Men's shed

From Wikipedia, the free encyclopedia

The Men's Shed in Jedburgh
An old railway goods shed in Australia, now the Grenfell Men's Shed

Men's sheds or community sheds are non-profit local organisations that provide a space for craftwork and social interaction. The movement originated in Australia around the 1980s as a way to improve the health and wellbeing of older men. However some have expanded their remit to anyone regardless of age or gender, and have similar aims and functions to hackerspaces. There are over 900 located across Australia, with thousands of active members.[1] Men's sheds can also be found in the United Kingdom, Ireland, United States, Canada, Finland, Estonia, New Zealand and Greece.

The slogan for men's sheds is "Shoulder To Shoulder", shortened from "Men don't talk face to face, they talk shoulder to shoulder", adopted after the 2008 Australian Men's Shed Association (AMSA) conference.[2][3] The users of men's sheds are known as "shedders".[4] In 2014, Professor Barry Golding coined the term "shedagogy" to describe "a distinctive, new way of acknowledging, describing and addressing the way some men prefer to learn informally in shed-like spaces mainly with other men."[5] Sheds as a venue for mentoring other men and Inter-generational mentoring is a growing outcome.[6][7][8] Academics are using men's sheds as a research venue and research partner in exploring men's health and social needs.[9][10][11][12]


The men's shed movement originated in Australia. One of the precursors of the movement began in the 1980s in Broken Hill, New South Wales, involving former miners. Another was the Albury Manual Activities Centre, also known as "Albury Men's Shed" which opened in 1978.[13] Work in Adelaide, South Australia focused upon the gender biased and inappropriate care of older men living with dementia in care settings and work with Vietnam Veterans in South Australia also played its part.[14]

Professor Barry Golding has researched the origins of the men's shed, and states "Maxine Chaseling was the key person behind 'The Shed' back in the early nineties and spoke of the stories behind the development of the Shed."[15] The first shed for men, was founded by Chaseling (formerly Maxine Kitto) in 1993. It was located in Goolwa, South Australia as part of The Heritage Club, an activities/day centre for the older generations/elderly, where she was employed as the coordinator. The shed was opened on 3 March 1993[16] by the Hon Dean Brown AO, Member for Alexandra, later to become Premier of South Australia.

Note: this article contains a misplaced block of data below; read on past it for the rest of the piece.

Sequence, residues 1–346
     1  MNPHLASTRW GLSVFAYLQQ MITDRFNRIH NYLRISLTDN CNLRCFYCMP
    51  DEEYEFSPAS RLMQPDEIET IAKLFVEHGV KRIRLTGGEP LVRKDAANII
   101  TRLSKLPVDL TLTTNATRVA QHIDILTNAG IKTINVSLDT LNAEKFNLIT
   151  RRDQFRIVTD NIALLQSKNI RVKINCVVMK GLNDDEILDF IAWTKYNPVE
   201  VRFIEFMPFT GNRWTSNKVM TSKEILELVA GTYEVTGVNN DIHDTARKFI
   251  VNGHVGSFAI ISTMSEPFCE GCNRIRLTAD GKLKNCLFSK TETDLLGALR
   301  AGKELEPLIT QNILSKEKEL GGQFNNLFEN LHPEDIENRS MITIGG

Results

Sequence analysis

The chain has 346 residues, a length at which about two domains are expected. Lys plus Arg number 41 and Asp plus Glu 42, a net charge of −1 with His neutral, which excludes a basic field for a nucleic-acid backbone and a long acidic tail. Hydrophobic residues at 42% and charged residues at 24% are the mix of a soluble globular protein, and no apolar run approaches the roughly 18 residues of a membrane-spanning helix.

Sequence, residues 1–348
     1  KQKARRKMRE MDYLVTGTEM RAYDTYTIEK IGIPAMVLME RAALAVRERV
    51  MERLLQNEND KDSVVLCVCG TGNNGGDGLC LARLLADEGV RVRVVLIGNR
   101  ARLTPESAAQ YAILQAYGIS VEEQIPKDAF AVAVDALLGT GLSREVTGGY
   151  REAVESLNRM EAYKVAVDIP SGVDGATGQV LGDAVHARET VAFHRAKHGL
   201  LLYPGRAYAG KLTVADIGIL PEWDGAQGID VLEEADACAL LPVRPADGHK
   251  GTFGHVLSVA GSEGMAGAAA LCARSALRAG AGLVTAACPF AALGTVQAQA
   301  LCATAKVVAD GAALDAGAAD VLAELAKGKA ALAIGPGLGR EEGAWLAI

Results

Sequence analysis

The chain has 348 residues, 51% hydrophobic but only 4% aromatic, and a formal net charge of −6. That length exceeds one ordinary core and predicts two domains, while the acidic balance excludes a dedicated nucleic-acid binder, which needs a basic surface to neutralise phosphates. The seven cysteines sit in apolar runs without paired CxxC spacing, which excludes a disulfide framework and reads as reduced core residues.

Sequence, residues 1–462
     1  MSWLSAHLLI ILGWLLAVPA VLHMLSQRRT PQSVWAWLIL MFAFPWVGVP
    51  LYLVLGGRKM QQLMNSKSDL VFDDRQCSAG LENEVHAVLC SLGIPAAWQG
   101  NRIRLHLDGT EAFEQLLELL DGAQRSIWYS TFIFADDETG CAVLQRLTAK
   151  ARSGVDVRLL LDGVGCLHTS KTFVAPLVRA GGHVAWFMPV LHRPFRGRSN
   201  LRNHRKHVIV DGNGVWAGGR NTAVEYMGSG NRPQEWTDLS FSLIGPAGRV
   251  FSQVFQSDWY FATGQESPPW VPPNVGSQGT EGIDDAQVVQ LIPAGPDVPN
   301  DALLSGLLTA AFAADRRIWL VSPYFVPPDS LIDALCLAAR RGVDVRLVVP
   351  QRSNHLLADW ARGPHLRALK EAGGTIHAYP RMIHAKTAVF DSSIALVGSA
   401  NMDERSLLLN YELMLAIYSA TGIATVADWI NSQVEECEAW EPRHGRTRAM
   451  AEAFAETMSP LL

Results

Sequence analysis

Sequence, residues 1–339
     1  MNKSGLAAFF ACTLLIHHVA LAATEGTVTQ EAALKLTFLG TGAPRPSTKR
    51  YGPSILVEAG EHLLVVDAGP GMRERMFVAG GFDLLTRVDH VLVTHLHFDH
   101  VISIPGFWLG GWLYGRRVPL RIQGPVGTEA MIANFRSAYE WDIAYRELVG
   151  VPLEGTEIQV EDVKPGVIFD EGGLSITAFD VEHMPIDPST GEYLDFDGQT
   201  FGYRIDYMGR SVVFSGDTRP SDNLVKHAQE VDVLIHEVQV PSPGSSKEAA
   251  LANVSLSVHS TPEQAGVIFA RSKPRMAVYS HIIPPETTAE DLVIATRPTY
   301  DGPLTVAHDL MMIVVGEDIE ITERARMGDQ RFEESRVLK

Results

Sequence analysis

Chaseling had worked in aged services for many years, and had spoken at many conferences in the late 1980s and 1990s about gerontology, men's health and the lack of services for men. She originally came up with the idea of a men's shed after her own father had become depressed and felt stuck at home after having a heart attack and not being able to work anymore. She noticed that the only thing that seemed to give her father purpose was to work in his shed. Having also noticed that the men at the Heritage Club seemed lost and not interested in the activities that the ladies were involved in, Chaseling thought she would create a men's shed at the Heritage Club to give the men a focus point for purpose, for mentoring younger generations, socialising, and ultimately to create better mental health outcomes. It worked, and the men's mental health levels improved, along with their levels of happiness.[17] At this point, the program was known as The Shed.[15][16][17]

The Australian Men's Shed Association quotes Chaseling, as she talks about her role in starting the first shed: "I struck the match but fortunately it was the right time and the primary health strategy was simple and doable in any community".[18]

After Chaseling had created the first men's shed, she spoke at conferences in the 1990s about how the men's shed was filling a gap in men's services. It is from this point that the men's shed movement started to grow, with the next shed located in nearby Langhorne Creek, South Australia.[17]

The first national health conference dedicated to men in Australia took place in 1995.[19]

The first men's shed (by that name) was opened in Tongala, Victoria, Australia on 26 July 1998.[20] Named after its founder, Dick McGowan, the shed predates the Lane Cove Community Shed in New South Wales by just a few months, though both likely originated from ideas discussed at the National Rural Health Conference in 1995. Lane Cove Community Shed was opened in December 1998. As well as being a place for craftwork and socialisation, it also provided vital health information to its members.

These communal sheds were inspired by backyard sheds, where a man would go and carry out tasks such as restoring furniture or fixing lawn mowers. Men's sheds can also be seen as an extension of the original nineteenth century idea of working men's clubs in the UK and Australia: "to provide recreation and education for working-class men and their families". In time working men's clubs increasingly focused on charitable work and recreational activities typically associated with pubs. Whilst acting as hubs for information exchange, the community educational aspects foundered, as men's sheds remained in people's homes typically at the bottom of the garden.